Endoscopic retrograde cholangiopancreatography (ERCP)Medical editor Lars Aabakken MD
Oslo University Hospital
Endoscopic retrograde cholangiopancreatography (ERCP) provides an X-ray image of the bile ducts and pancreatic ductal system by direct injection of contrast into the ductal system.
The technique also provides access to both extended diagnostics and therapeutic procedures for the bile ducts and pancreas.
The procedure can be performed on an outpatient basis and is similar to gastroscopy. If a therapeutic procedure is performed, the patient often stays in the hospital for observation.
For ERCP, a duodenoscope is used which is a special gastroscope with side viewing optic. This makes it significantly more suitable to manipulate the duodenal papilla, however navigation is more difficult. Various customized instruments can be passed through the instrument canal of the endoscope and further on through the papilla.
Cancer in the pancreas or liver/bile ducts:
- Diagnostic technique for ambiguous cases (visualization of ductal system and possible brush sampling or biopsy)
- Preoperative bile/pancreatic duct decompression
- Symptom relieving drainage of bile/pancreatic ductal system in cases of inoperable cancer
- Local removal of early stage cancer in duodenal papilla
A common feature is that all of these indications include therapy. Diagnostic ERCP is applied to a diminishing degree, but may still be used for collecting tissue samples (cytology or biopsy).
- Obtain a diagnosis
- Drain stenotic ductal systems
- Side optic endoscope (duodenoscope) with accessories
Plavix®, Clopidogrel®, Brillique®, Pradaxa®, Xarelto®, Eliquis®, Fragmin® or Marevan® (warfarin) should be stopped to reduce the risk of bleeding during the procedure, if the patients general practitioner doesn´t decides otherwise.
- Plavix®, Clopidogrel® and Brilique® may be taken up to seven days before the procedure.
- Pradaxa®, Xarelto® and Eliquis® may be taken up to 48 hours before the procedure.
- Marevan® (warfarin) may be taken up to 48 hours before the procedure, and the patient must also have an INR control at least an hour before the examination.
- The patient may continue to take Albyl-E® (acetylsalicylic acid).
- Fragmin® injections may be taken until the night before the procedure.
- If the patient has an artificial heart valve, contact the ward in charge of the excamination.
The stomach must be empty before the procedure.
- The patient can´t eat or drink anything in the last six hours before the procedure.
- If the patient is very thirsty he/she may drink 1-2 glasses of water until two hours before the procedure, and then only rinse the mouth without swallowing anything.
If the patient have diabetes and use insulin or other essential medecines that can´t be postponed, the patient can get an appointment early in the day.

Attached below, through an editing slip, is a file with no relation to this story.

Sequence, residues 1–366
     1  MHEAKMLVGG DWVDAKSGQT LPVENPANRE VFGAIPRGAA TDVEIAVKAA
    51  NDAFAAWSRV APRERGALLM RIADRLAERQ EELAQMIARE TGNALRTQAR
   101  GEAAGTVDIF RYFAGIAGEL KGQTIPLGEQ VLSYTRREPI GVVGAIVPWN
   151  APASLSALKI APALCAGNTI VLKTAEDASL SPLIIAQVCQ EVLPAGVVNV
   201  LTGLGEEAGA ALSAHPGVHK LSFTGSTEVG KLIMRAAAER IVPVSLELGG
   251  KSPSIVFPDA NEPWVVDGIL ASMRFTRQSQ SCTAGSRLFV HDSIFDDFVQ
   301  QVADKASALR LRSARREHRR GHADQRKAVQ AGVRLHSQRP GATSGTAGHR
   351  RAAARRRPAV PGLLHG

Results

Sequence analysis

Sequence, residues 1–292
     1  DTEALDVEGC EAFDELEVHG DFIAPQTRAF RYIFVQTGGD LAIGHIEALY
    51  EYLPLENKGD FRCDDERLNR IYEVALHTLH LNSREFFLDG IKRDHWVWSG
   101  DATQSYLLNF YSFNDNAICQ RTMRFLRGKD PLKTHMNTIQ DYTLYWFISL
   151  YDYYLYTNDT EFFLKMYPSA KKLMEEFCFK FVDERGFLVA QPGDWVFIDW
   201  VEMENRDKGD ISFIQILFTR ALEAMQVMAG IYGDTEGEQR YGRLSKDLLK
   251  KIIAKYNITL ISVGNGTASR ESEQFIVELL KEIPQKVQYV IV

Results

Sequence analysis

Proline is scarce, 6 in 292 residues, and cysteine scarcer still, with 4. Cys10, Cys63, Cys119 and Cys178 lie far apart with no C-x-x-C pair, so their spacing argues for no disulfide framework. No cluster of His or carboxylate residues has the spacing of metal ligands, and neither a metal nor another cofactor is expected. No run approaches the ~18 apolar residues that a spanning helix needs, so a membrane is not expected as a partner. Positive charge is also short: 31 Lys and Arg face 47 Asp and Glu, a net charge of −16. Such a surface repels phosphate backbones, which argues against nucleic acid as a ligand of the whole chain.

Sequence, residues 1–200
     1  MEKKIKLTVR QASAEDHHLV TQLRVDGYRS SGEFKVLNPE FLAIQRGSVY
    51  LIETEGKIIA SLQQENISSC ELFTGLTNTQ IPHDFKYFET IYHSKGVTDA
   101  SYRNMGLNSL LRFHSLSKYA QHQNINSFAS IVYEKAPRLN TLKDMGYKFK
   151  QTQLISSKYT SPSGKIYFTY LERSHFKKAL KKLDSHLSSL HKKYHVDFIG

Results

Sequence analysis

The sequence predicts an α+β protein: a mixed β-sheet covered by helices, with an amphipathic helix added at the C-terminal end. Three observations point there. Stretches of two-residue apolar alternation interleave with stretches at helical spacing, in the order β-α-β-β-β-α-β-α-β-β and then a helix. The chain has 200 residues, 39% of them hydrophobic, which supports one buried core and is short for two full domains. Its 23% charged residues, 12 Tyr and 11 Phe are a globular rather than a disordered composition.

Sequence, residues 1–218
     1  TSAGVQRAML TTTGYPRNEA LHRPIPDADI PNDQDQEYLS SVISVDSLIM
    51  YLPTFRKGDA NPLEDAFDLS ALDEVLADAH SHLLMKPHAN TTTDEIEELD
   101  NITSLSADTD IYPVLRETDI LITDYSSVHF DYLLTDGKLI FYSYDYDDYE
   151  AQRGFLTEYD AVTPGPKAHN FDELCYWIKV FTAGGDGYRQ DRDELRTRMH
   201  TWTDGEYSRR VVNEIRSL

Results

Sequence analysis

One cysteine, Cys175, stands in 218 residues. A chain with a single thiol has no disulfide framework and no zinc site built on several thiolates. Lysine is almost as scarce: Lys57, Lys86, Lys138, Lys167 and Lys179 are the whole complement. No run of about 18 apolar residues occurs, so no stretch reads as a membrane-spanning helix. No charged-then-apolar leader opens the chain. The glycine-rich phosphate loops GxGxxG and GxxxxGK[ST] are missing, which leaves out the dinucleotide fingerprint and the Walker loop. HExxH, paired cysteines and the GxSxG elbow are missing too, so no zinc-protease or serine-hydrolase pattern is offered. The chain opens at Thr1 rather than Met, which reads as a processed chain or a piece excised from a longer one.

The procedure is usually carried out under light sedation with Dormicum®/Pethidin®, however propofol-anesthesia is becoming more common. General anesthesia is only exceptionally use.
- The procedure is performed with the patient on the stomach with the right side slightly raised.
- The endoscope is inserted carefully through the mouth and stomach to the duodenal papilla.
- A thin plastic tube is manipulated into the bile duct or pancreatic duct and contrast fluid is injected to visualize the ductal system, and an X-ray picture is taken simultaneously.
- If necessary, a brush or biopsy forceps is inserted into the duct for sampling.
- If necessary stenotic areas can be expanded with a balloon, plastic tubing, or a stent.
The patient can often return home the same day, unless a procedure is performed which increases the risk for complications. This is determined on an individual basis.
Results from biopsies are usually available after 1 week.
If a stent is inserted, this must usually be removed or changed after 2–3 months by a repeated ERCP procedure.
Most ERCP procedures are carried out without complications. It is common to have a sore throat and light abdominal pain (including gas pain) after the procedure.
Pancreatitis is the most threatening complication and occurs in 4–15% of cases. There are some known risk factors, most significantly previous ERCP pancreatitis and possibly ampullary dysfunction. However, pancreatitis occurs for unknown cause. Fortunately, most cases are mild with only abdominal pain requiring a few extra days in the hospital. However, necrotizing pancreatitis also occurs with significant mortality.
Other, less frequent complications are cholangitis, bleeding, or perforations after endoscopic papillotomy. If any of these are discovered during the examination, they are usually treated conservatively without the need for surgery or other intervention. Delayed bleeding (within 24 hours) also occurs and will often require a repeat endoscopic procedure for treatment.